The Captive Imagination by Elias Dakwar review – a window into addiction

When reading a book, I like to understand something about the person who wrote it. The Captive Imagination is rich in words yet strangely elusive in overall meaning, and feels as though it has been written by several different people, at times interrupting each other. So who are these characters? Elias Dakwar is a professor and scientist in the US, but he is also a clinician specialising in the treatment of addiction, a philosopher, a lover of literature and language, as well as a human being striving to understand life’s great mysteries. There is a sense of yearning throughout the book, as if it is a quest to find something; Dakwar invokes the fictional strivings of Don Quixote and compares them with the obvious desperation of the heroin addict. But he also notes that his patients often say: “I just want to be happy”, and perhaps this is what he, too, is saying.

As a psychiatrist with the same specialism, I was drawn to Dakwar’s vivid stories of patients and their different histories of drug use. They are clear, informative and also modest; Dakwar acknowledges the difficulties we have in helping people, given our limited understanding of both addiction and the human mind. He writes lucidly of brain-based models of addiction, while making it clear that they cannot fully explain people’s experiences. I must admit to envying the time he was able to spend with individual patients, working in a very different system from the one we have here in the UK.

Dakwar explores the myths and misconceptions of addiction, as well as the science, and shows how the patient’s experience is at least as important as what the latest research tells us. He describes in detail the use of ketamine given in combination with psychotherapy, and of the difficulties he has faced acquiring permission and funding to pursue his research into a treatment that itself suffers from being labelled a dangerous “street” drug.

Often, though, the lover of literature and philosophy breaks through these rational descriptions, making them less coherent. The impression is of a poet shutting down the scientist, and these sections were, for me, harder to read. This was not due to lack of interest, but perhaps the result of my not being able to share in Dakwar’s subjectivity, in the same way that he describes each person’s unique perception of the colour blue. His style changes, and he writes in longer, more convoluted sentences, as if trying to explain something that can’t quite be grasped. In some ways, this may in itself describe addiction, which means “speaking toward” – perhaps he, too, is reaching all the time for the best words.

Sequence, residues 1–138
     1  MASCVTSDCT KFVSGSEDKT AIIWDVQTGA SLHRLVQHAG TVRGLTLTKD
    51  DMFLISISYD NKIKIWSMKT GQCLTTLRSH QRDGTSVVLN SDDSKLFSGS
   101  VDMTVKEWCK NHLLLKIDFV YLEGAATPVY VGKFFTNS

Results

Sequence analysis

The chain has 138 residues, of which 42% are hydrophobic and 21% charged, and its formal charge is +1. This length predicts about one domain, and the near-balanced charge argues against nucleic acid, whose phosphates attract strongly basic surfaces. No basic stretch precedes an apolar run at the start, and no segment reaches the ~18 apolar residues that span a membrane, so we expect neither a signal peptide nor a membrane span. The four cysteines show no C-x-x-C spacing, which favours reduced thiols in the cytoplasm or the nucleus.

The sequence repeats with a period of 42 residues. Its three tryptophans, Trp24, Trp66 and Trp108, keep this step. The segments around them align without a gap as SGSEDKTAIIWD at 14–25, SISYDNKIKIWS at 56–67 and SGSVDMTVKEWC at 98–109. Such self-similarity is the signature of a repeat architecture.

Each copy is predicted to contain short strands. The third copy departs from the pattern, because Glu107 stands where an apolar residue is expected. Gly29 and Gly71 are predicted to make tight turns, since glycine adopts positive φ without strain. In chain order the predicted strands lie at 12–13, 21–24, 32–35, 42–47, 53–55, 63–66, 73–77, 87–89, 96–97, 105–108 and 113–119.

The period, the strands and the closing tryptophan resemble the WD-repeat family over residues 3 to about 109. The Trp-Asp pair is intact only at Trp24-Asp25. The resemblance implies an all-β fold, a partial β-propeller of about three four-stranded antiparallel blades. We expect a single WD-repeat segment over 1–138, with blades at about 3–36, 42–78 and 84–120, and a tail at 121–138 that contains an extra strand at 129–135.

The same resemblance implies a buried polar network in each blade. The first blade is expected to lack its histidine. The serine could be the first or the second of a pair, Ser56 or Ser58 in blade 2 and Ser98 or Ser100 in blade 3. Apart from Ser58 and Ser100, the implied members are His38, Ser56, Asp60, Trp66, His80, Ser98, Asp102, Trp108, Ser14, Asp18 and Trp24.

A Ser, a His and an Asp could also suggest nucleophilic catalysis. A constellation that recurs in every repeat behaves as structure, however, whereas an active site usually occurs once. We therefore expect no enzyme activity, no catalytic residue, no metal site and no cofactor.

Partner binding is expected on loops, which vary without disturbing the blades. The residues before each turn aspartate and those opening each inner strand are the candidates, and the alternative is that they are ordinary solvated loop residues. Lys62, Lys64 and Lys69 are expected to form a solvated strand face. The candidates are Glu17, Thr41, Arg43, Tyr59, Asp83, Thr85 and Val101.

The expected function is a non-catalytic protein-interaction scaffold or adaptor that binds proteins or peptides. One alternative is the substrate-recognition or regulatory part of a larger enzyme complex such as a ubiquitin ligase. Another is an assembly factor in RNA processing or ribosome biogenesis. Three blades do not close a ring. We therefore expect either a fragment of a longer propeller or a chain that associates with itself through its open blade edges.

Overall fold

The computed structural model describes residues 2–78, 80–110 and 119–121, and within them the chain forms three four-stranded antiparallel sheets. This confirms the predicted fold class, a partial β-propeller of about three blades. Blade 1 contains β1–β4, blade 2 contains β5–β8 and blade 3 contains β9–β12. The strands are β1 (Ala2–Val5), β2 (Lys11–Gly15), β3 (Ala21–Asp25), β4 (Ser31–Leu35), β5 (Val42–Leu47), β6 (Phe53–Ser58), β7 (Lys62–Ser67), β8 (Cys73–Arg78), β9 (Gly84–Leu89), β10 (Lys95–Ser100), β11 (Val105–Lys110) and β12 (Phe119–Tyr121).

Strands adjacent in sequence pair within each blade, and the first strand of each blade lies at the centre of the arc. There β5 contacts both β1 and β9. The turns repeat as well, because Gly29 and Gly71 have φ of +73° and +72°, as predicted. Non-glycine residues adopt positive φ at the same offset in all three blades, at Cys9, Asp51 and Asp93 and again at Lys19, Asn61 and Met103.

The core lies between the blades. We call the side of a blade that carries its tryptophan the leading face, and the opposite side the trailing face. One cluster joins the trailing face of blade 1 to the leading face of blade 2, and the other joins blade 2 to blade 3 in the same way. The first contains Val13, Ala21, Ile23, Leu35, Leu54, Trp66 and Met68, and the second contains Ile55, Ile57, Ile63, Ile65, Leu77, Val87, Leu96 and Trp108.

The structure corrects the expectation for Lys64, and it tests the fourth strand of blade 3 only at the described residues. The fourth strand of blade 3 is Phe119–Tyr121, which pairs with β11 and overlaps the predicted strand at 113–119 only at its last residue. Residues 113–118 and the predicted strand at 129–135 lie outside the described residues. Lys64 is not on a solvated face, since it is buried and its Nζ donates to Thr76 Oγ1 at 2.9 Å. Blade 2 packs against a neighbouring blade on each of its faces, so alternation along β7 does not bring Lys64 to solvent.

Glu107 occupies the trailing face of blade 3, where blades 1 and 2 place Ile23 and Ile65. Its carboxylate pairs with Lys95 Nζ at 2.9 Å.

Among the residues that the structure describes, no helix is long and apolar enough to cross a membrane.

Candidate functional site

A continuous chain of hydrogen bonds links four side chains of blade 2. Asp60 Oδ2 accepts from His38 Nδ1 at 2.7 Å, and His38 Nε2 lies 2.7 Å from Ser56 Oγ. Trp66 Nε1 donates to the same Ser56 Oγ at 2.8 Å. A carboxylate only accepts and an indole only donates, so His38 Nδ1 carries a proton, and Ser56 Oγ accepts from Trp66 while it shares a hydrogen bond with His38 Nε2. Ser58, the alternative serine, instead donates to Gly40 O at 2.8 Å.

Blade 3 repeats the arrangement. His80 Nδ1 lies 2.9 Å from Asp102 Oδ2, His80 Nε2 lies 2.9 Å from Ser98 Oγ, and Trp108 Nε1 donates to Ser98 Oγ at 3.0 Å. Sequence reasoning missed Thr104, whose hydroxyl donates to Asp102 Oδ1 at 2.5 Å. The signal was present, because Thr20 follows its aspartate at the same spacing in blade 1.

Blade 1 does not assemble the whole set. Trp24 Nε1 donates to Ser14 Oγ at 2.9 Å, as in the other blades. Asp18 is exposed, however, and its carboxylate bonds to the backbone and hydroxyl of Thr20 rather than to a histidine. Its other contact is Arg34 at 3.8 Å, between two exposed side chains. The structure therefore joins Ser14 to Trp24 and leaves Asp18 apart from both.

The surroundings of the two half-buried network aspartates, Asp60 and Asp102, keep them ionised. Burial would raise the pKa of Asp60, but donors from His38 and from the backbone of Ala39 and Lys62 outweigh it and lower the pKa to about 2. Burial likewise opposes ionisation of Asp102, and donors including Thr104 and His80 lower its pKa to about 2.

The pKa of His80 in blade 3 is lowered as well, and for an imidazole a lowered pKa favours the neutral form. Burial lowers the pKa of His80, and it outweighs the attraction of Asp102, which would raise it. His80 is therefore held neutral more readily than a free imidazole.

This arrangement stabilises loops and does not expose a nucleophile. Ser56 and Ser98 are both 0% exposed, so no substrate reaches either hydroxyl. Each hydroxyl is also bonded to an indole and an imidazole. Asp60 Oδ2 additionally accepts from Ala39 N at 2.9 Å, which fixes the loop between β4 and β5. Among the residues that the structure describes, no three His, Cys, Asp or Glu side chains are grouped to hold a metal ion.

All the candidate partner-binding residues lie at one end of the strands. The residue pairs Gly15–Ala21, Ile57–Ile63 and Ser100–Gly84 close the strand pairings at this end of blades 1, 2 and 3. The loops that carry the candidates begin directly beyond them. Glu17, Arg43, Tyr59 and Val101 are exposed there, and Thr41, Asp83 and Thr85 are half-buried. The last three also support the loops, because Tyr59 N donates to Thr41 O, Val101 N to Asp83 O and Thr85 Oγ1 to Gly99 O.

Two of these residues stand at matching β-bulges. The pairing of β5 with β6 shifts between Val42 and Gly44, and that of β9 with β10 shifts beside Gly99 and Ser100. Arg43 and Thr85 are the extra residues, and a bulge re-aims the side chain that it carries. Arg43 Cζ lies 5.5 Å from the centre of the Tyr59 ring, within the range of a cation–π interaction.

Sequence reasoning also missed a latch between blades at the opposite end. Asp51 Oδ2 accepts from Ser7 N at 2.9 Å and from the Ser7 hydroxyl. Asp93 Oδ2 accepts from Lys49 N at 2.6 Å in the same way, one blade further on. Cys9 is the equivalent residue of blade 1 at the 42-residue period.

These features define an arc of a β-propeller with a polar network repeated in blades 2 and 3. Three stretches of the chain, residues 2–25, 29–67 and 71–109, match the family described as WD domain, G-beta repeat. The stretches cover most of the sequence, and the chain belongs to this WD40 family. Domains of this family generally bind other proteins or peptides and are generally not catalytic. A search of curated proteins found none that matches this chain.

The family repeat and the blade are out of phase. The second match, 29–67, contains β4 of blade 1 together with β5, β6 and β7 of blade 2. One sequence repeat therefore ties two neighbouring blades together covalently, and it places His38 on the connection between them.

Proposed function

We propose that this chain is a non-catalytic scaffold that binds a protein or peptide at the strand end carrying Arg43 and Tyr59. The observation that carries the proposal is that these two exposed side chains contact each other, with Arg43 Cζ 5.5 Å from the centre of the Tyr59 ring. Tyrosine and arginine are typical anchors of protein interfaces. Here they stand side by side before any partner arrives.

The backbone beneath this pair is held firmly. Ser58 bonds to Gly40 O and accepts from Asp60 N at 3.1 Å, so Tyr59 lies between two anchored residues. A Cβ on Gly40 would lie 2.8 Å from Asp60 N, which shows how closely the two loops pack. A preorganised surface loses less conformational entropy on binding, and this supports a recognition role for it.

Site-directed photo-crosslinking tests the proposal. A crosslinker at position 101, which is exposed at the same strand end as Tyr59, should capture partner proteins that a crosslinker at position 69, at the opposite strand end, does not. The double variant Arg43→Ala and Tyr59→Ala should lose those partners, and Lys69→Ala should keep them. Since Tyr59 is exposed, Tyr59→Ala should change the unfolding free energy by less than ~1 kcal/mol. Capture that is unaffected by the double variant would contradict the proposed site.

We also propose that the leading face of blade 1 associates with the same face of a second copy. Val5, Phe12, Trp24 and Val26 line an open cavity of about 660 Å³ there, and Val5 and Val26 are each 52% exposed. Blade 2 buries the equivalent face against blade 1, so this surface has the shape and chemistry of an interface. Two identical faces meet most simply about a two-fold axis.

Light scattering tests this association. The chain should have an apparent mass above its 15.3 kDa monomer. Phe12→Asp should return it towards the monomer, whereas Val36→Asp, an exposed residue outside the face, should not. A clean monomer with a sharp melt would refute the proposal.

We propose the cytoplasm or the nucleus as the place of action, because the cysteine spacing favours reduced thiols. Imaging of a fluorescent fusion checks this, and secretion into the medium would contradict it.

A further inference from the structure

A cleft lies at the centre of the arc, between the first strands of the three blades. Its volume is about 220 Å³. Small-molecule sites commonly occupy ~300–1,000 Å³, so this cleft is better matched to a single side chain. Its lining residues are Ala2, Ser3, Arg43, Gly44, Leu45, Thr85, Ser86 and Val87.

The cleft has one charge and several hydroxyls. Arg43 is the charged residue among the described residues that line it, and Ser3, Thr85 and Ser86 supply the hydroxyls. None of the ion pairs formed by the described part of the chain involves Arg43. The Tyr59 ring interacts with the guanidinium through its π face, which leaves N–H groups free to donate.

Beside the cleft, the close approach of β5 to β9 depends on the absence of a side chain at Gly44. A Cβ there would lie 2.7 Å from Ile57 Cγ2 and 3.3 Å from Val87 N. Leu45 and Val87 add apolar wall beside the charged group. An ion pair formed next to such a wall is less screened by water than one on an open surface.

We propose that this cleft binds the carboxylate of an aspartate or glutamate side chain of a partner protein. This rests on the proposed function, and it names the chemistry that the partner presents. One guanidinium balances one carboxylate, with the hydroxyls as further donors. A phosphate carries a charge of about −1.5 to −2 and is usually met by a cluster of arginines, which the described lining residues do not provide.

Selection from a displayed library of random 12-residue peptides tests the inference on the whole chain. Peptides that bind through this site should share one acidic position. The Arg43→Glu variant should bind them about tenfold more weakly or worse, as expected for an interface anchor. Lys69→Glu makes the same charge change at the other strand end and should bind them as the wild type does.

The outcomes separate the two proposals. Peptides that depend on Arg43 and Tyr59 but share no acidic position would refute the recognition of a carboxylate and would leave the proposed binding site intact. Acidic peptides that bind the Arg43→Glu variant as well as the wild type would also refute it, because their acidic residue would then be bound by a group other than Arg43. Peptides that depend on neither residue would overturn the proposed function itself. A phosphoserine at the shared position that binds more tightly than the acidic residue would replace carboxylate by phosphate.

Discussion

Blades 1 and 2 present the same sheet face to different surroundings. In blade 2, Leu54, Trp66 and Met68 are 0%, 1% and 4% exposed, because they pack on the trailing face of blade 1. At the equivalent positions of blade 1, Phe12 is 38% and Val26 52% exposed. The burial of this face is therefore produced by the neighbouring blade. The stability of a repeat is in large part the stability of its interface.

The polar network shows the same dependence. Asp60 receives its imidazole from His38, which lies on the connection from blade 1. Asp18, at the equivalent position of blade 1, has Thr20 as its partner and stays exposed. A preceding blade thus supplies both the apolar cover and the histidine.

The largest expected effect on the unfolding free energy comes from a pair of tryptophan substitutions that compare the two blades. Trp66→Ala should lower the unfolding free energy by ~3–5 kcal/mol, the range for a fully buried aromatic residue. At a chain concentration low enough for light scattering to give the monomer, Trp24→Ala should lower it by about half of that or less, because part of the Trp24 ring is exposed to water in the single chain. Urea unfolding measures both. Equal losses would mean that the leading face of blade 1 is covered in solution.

The Captive Imagination leaves some compelling questions hanging. Dakwar says that most people can use psychoactive substances without becoming dependent or experiencing problems – but do they? Human beings have used such substances for millennia – but should we? Dakwar has wide experience of talking with those whose drug or alcohol use have caused them problems, but it would have been interesting to explore the nature of substance use among ordinary, non-addicted people.

In one of the concluding chapters, Dakwar writes about ayahuasca, or “the tea”, detailing his patient Carlos’s experiences with it. But there is something quite different about Carlos. It doesn’t always feel clear who is talking – Carlos or Dakwar. And, at a certain point, Dakwar indeed reveals that, while the story was originally an anonymised case study, its subject eventually declined permission for it to appear in print. The resulting portrait “goes further into fiction”, even becoming “mythical”. Dakwar replaces the name Carlos with a bold typographical dot. It’s a mark of the experimental nature of The Captive Imagination, and will draw some in – but may lose others.

This is ostensibly a book about drugs and addiction; but perhaps it is more about the nature of reality and experience. At times difficult, often fascinating, it is an attempt to describe what might be deemed indescribable, in a way that is often more like poetry than science.

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The Captive Imagination: Addiction, Reality and our Search for Meaning by Elias Dakwar is published by Allen Lane (£25). To support the Guardian and Observer, order your copy at guardianbookshop.com. Delivery charges may apply.

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